In the New York Times Book Review, novelist James Collins admits an embarrassing secret.
I have just realized something terrible about myself: I don’t remember the books I read…
Nor do I think I am the only one with this problem. Certainly, there are
those who can read a book once and retain everything that was in it,
but anecdotal evidence suggests that is not the case with most people.
Anecdotal evidence suggests that most people cannot recall the title or
author or even the existence of a book they read a month ago, much less
So we in the forgetful majority must, I think, confront the following
question: Why read books if we can’t remember what’s in them?
But then Collins does something very interesting. He calls up an expert on the science of reading named Maryanne Wolf, and asks her what she thinks about this quandary:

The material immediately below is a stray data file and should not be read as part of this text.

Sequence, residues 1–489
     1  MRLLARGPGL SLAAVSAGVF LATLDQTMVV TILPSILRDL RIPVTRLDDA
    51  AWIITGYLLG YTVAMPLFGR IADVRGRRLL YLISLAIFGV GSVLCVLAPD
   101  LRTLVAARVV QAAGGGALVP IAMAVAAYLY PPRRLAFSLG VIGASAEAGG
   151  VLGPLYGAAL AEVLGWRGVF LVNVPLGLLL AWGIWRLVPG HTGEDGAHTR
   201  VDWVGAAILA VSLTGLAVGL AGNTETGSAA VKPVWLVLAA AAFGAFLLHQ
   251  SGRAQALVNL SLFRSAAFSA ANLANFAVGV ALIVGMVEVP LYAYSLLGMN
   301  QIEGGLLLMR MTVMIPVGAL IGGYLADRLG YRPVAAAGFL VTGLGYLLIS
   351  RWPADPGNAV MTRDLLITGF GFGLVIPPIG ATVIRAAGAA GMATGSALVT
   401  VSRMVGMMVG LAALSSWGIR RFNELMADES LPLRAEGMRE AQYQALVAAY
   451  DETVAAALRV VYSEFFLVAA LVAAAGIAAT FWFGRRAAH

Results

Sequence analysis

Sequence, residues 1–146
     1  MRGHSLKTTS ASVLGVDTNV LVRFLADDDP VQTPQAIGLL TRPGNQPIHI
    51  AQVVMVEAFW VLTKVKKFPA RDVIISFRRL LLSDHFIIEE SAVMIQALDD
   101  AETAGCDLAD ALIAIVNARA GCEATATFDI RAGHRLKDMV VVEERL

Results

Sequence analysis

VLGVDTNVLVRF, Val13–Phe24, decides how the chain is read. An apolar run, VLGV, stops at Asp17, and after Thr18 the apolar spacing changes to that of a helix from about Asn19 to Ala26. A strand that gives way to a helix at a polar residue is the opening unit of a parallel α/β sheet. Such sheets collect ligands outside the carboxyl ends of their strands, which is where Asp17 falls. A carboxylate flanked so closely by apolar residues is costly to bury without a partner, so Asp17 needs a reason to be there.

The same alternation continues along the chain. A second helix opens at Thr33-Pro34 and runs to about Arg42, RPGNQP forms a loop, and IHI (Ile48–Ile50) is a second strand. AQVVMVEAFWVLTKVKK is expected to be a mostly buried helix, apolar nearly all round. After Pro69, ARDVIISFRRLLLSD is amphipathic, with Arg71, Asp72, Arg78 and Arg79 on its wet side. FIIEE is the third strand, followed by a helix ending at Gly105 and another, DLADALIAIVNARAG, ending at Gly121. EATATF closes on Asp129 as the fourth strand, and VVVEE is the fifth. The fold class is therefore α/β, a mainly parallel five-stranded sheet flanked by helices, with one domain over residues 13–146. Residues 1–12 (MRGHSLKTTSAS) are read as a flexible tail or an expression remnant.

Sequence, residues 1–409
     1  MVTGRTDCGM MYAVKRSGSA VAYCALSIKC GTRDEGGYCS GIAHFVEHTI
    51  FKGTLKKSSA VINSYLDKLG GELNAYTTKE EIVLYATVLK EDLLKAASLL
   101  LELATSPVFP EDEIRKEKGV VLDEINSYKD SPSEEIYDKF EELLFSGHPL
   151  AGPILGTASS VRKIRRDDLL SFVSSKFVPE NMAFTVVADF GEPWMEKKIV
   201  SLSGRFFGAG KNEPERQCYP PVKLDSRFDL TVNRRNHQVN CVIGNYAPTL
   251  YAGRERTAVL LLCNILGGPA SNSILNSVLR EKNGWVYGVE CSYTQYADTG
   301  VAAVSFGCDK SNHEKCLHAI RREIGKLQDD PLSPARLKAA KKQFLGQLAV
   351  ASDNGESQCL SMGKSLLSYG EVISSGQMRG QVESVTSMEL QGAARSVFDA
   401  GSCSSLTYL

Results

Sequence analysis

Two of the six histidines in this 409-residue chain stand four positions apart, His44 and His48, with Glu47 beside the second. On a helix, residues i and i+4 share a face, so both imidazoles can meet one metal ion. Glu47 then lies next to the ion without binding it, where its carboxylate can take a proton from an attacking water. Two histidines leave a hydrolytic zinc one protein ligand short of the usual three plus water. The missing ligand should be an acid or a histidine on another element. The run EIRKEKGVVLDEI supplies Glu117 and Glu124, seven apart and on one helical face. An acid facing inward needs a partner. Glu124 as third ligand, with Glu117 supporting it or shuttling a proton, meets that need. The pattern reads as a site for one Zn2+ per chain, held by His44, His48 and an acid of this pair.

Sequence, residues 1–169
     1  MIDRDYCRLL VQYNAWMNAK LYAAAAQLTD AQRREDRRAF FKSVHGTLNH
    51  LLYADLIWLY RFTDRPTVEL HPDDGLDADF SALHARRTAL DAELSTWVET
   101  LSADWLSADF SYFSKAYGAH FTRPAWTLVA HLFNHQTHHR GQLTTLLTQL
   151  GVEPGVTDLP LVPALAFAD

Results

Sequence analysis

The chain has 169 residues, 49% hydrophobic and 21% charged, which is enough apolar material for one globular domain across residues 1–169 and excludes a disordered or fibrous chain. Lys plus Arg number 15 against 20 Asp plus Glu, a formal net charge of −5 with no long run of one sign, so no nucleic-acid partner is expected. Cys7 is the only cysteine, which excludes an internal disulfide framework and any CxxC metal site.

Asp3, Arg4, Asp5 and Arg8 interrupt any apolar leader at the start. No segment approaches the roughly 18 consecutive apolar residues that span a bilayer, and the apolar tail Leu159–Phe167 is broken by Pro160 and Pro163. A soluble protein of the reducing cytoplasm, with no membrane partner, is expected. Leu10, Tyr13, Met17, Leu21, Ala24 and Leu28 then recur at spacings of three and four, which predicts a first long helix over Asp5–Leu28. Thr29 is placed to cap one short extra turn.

“There is a difference,” she said [to Collins], “between immediate recall of facts
and an ability to recall a gestalt of knowledge. We can’t retrieve the
specifics, but to adapt a phrase of William James’s, there is a wraith
Paul Raeburn, at the eminent Knight Science Journalism Tracker, responds with a complaint that Collins hasn't "done his reporting properly, even if this is a personal essay."
He has a point; the reader does want to know more about the building of "networks" in the brain Wolf refers to. which, translated into the vernacular, sounds as if she's saying — by reading that book, you have changed your mind.
But one can only admire Raeburn for finding a quote (from Tennyson, no less!) that describes the situation just as beautifully: I am part of all that I have met.
Yet and still, Wolf's reference to the "wraith of memory" corresponds quite exactly to what Collins recalls about the book in question — how he felt about it, and the experience of reading it.
And here's a possible measure of what it means to change your mind: What you can remember and retrieve is as good as what you have discovered or written yourself. As fully earned.
In the words of the late great (and too little missed) poet Joseph Brodsky:
Living is like quoting, and once you've learned something by heart, it's yours as much as the authors.
(from In Memory of Stephen Spender)